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Sex, Yale, and the Myth of Value-free Education

My new book, Sex & God at Yale, covers many of the shabby low points of sex at the university: Live nudity in the classroom, oral sex seminars, masturbation how-tos and other examples of dedicated folly. But it’s important to focus on  the underlying problem I address in the book. Simply put:  Yale, along with other leading universities, has used academic freedom as an excuse for abandoning academic standards.

I’m not the first to level this charge. In God & Man at Yale. William F. Buckley famously accused his alma mater of hiding behind “the superstitions of academic freedom.” That was more the sixty years ago. World War II was a recent memory. Buckley was upset that Yale employed professors who busied themselves promoting atheism and communism–ideologies which, he suggested, undermined the liberty that enabled Yale’s academic enterprise to carry on in the first place.

Buckley’s more profound critique was to point out the hypocrisy of Yale’s claim that academic freedom forced it to treat all views equally.  “I should be interested to know how long a person who revealed himself as a racist, who lectured about the anthropological superiority of the Aryan, would last at Yale” Buckley wrote. Of course, we all know the answer to that.

In a similar vein, I ask in my book whether we would expect Yale to approve the use of its classrooms for events dedicated to degrading blacks or dehumanizing Jews. No, that’s something we would never expect to see. There are some ideologies and agendas that do not fall within the wide bounds of academic freedom at Yale. And these examples demonstrate that Yale’s officials do not truly believe that they are bound to hire faculty or host events without regard to moral content or intellectual merit.

Yale does uphold some standards as limits to academic freedom But over the past decade, when it comes to a great many of the sex-related events that were offensive, degrading to women, and academically irrelevant, Yale officials piously stated that they have an obligation to open up their classrooms to all this. So academic freedom compels them to allow women–but not racial minorities– to be degraded? I sat in a classroom and watched a film of a man beating a naked woman and calling her a whore and a slut. Most such events were organized by students, but with the close support of the university administration. Nevertheless, in the news media, Yale officials repeatedly denied the level of official oversight, university funding, and faculty coordination that such events entailed. In my book, I expose Yale officials’ attempts to wash their hands of what goes on in their classrooms.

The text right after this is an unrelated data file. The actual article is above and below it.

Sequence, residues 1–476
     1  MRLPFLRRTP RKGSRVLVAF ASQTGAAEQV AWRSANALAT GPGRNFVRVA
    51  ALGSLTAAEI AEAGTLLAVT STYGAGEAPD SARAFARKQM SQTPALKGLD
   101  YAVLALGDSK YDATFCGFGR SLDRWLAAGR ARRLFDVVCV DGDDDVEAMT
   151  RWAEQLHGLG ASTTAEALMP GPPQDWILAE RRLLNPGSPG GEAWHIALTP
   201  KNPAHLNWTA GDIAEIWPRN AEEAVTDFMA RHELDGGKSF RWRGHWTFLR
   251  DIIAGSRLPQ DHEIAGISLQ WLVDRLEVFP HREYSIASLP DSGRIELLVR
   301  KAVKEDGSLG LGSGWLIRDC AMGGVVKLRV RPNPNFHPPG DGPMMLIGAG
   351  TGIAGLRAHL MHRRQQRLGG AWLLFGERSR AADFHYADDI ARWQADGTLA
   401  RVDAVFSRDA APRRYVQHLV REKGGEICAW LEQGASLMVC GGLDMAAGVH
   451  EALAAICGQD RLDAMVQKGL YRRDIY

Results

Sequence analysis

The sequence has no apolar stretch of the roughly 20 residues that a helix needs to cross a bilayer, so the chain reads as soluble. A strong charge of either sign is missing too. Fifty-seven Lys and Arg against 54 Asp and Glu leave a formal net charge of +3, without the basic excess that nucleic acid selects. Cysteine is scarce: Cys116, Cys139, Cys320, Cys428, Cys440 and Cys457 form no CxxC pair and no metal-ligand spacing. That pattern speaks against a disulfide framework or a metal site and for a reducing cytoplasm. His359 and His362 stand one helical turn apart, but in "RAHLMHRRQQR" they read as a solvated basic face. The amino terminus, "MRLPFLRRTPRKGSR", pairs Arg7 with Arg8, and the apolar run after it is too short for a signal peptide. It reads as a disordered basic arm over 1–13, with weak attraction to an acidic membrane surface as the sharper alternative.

Hosting junkets for corporate interests in the sex industry was Yale’s innovation–something now imitated by many other universities around the country. The end result for Yale was a sexual climate so radical that a series of high-profile cases of sexual assault and harassment came as no surprise. These cases forced a federal Title IX investigation last year. In response, Yale instituted some reforms. Yet it still hosted for-profit interests from the sex industry back on campus again for its biennial Sex Week this past February. So I’d say they haven’t learned their lesson.

In the book, I detail a host of other examples of academic negligence–all being the natural consequences of Yale’s abandonment of high academic standards. Yale’s blind devotion to political correctness and moral relativism is on full display. I recall how Yale’s art department approved a phony senior art project that was supposed to consist of the blood and tissue from numerous self-induced abortions. Is that really supposed to pass as the crowning academic achievement of a Yale student’s career?

I ask how it is that Yale invited a former Taliban official to study at the university–a man who was a leader in a regime that slaughtered dissidents, and tortured and oppressed women. Does academic freedom demand that Yale admit tyrants as students? Was Yale trying to combat Islamophobia? All I know is that I ended up taking my International Relations final next to that man, while his comrades were fighting American troops in Afghanistan.

While Yale’s sexual imbroglios may be getting all the headlines, it’s Yale’s hypocrisy, in the end, that I hope readers ultimately comprehend. The introduction of violent porn and the hosting of commercial sex companies seem to be so at odds with the values of women’s equality and academic independence (free from corporate interests) that Yale professes to uphold.

Yale, like most elite universities, has plenty of problems one could tackle–its political biases, its embrace of race and gender studies as dominant intellectual forces, its dismissive posture toward religion, even its weak core requirements. But ultimately, I wrote my book with a simple aim–and that was to expose the lie behind Yale’s governing principle. Yale’s leaders say they must not impose a moral order–that’s the myth of unqualified academic freedom.

An elite university is a place for serious intellectual work. Ultimately, academic freedom has never meant that all ideas are worthy of a platform. In that light, the debasing of the Yale education that I witnessed looks less like academic freedom and more like administrative indifference.

The truth is, Yale does impose values; they just aren’t the right ones.


Nathan’s new book, Sex & God at Yale: Porn, Political Correctness, and a Good Education Gone Bad (St. Martin’s), was recently named a New York Times Editor’s Choice pick.

(Cross-posted from MindingTheCampus.com)

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